Maintaining a niche in the volatile pen and pencil market is a constant challenge, but the employee-owned Blackfeet Writing Instruments Inc. is still hanging in after decades in the business.
The Browning firm, which has only nine employees, has undergone lots of changes over the years. Started as a tribally owned enterprise in 1972, the business has traditionally struggled to compete in a market dominated by larger pen and pencil plants on the nations eastern and western seaboards.
After going through two major makeovers, as well as name changes, the firm was transferred to private hands in 1992. Bernadette Trombley, president and general manager, says she and other investors inherited a hefty debt in the transaction, but ongoing changes, including transfer of ownership to employees, should help put the business on firmer financial footing in coming years.
“Were a pioneer,” Trombley says. “My employees function as the board of directors, the shareholders. Were a team-managed company. They don’t have me as a boss telling everyone what to do.”
Part of the problem in the past, Trombley says, is that the company’s minority-owned status was challenged because some members of the now-dormant board of directors were non-Indians. Now that the business is entirely controlled by tribal members, she explains, it will be easier to secure minority-preference contracts and other related benefits, especially through the federal government and the U.S. military. Women own 54 percent of the firm, an advantage with other types of contracts.
“The government has really cracked down on minority businesses lately,” Trombley says. “It’s making it harder. Theres a lot of channels to go through.”
The company, which has the capacity to employ about 100 people in its 50,000-square-foot plant, produces about 15 varieties of custom-imprinted pens, pencils, and markers in up to 25 colors.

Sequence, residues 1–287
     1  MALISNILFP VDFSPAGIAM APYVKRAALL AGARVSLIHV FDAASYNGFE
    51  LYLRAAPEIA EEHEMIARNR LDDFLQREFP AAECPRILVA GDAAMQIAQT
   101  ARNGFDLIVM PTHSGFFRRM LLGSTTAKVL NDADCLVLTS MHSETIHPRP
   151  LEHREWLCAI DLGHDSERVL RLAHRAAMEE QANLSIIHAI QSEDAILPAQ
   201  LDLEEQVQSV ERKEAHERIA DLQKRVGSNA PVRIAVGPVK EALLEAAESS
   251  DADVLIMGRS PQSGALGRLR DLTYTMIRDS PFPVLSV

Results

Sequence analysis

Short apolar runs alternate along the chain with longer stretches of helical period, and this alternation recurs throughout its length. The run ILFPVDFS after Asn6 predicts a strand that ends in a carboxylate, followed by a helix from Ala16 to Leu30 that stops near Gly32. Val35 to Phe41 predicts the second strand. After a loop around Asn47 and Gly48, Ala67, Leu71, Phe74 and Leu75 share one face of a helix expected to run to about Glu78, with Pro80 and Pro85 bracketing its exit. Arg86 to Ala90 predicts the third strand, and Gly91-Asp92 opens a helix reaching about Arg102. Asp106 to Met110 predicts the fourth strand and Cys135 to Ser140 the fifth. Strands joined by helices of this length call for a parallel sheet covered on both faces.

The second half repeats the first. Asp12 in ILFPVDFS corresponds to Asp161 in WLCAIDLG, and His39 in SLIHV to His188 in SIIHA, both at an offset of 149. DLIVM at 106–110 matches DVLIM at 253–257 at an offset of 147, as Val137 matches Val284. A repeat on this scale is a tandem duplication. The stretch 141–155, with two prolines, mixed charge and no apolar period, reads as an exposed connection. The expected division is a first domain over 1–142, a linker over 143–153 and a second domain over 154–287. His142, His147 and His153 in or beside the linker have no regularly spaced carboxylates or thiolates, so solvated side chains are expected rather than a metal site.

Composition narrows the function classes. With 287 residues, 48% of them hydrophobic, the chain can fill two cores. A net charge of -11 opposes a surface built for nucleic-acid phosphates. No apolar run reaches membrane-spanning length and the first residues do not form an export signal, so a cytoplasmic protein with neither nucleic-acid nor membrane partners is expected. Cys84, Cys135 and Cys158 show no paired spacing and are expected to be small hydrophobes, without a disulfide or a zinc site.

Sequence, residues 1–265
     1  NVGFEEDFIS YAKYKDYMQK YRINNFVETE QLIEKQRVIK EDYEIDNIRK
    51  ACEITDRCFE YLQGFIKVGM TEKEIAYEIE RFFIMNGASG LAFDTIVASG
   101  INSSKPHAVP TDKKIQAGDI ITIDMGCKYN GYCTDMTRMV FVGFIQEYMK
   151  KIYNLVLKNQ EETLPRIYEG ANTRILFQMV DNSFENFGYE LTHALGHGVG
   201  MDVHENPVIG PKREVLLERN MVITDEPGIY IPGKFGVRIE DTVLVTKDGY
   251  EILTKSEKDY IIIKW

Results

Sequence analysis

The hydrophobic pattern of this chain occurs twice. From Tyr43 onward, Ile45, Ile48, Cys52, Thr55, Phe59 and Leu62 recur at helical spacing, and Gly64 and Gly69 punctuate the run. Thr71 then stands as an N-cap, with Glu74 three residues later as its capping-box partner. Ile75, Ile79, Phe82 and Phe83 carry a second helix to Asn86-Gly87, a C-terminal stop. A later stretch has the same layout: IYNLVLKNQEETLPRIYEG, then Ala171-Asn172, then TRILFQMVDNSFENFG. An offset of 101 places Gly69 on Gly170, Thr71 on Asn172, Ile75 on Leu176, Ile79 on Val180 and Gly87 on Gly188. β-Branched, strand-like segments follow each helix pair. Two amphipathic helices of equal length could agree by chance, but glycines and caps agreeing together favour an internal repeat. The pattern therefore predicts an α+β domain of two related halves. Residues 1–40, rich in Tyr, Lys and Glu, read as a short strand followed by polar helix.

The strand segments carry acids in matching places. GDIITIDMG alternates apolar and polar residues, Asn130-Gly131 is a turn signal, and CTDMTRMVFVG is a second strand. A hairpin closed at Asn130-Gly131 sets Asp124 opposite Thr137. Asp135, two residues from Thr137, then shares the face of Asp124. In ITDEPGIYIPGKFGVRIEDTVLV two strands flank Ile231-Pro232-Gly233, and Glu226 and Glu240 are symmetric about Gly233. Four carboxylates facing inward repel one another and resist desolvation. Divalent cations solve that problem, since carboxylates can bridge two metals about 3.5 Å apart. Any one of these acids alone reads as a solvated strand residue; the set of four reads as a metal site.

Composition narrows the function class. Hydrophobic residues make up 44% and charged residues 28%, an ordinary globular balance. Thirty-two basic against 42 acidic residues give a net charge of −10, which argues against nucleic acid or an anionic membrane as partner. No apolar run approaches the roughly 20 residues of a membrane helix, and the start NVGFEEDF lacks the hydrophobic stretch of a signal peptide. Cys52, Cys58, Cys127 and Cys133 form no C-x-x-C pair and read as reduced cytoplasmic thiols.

The writing tools are sold to all forms of office outlets in all 50 states and a number of foreign countries.
But keeping a hold on market shares has proven to be tougher than originally estimated, especially considering that more and more companies are moving their operations overseas, where labor, taxes, and other operating costs are often cheaper. A 1997 study showed, in fact, that the Blackfeet firm was competing with 631 other companies in the pen and pencil market.
“The significant amount of competitors poses the problems of defining a specific market and maintaining a customer base,” the study says. “The pen and pencil industry does not offer a lot of opportunities to differentiate products. In other words, to many customers a pencil is a pencil, a pen is a pen, regardless of who it is made by or the features. A complete market study could reveal the customers who buy on loyalty to brand or features.”
“Basically, theres a lot of competition out there with writing instruments,” Trombley adds. “Some are so big we cant compete with them. We try to sell on quality. We have a finely manufactured pen and pencil.”